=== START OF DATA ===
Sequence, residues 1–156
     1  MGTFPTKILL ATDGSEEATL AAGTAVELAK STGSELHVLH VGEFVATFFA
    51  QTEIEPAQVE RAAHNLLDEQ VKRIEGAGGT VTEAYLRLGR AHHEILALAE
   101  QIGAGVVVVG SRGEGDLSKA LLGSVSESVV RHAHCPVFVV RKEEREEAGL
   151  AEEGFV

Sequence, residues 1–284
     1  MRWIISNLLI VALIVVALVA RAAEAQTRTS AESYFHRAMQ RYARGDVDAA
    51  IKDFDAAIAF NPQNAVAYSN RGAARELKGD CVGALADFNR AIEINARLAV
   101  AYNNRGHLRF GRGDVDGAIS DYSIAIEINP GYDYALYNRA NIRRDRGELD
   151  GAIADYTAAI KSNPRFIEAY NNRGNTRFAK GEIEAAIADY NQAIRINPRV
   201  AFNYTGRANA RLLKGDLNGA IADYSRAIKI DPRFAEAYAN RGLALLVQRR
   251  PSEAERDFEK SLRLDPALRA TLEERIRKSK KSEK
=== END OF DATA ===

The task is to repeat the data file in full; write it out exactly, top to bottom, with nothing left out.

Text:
Sequence, residues 1–156
     1  MGTFPTKILL ATDGSEEATL AAGTAVELAK STGSELHVLH VGEFVATFFA
    51  QTEIEPAQVE RAAHNLLDEQ VKRIEGAGGT VTEAYLRLGR AHHEILALAE
   101  QIGAGVVVVG SRGEGDLSKA LLGSVSESVV RHAHCPVFVV RKEEREEAGL
   151  AEEGFV

Sequence, residues 1–284
     1  MRWIISNLLI VALIVVALVA RAAEAQTRTS AESYFHRAMQ RYARGDVDAA
    51  IKDFDAAIAF NPQNAVAYSN RGAARELKGD CVGALADFNR AIEINARLAV
   101  AYNNRGHLRF GRGDVDGAIS DYSIAIEINP GYDYALYNRA NIRRDRGELD
   151  GAIADYTAAI KSNPRFIEAY NNRGNTRFAK GEIEAAIADY NQAIRINPRV
   201  AFNYTGRANA RLLKGDLNGA IADYSRAIKI DPRFAEAYAN RGLALLVQRR
   251  PSEAERDFEK SLRLDPALRA TLEERIRKSK KSEK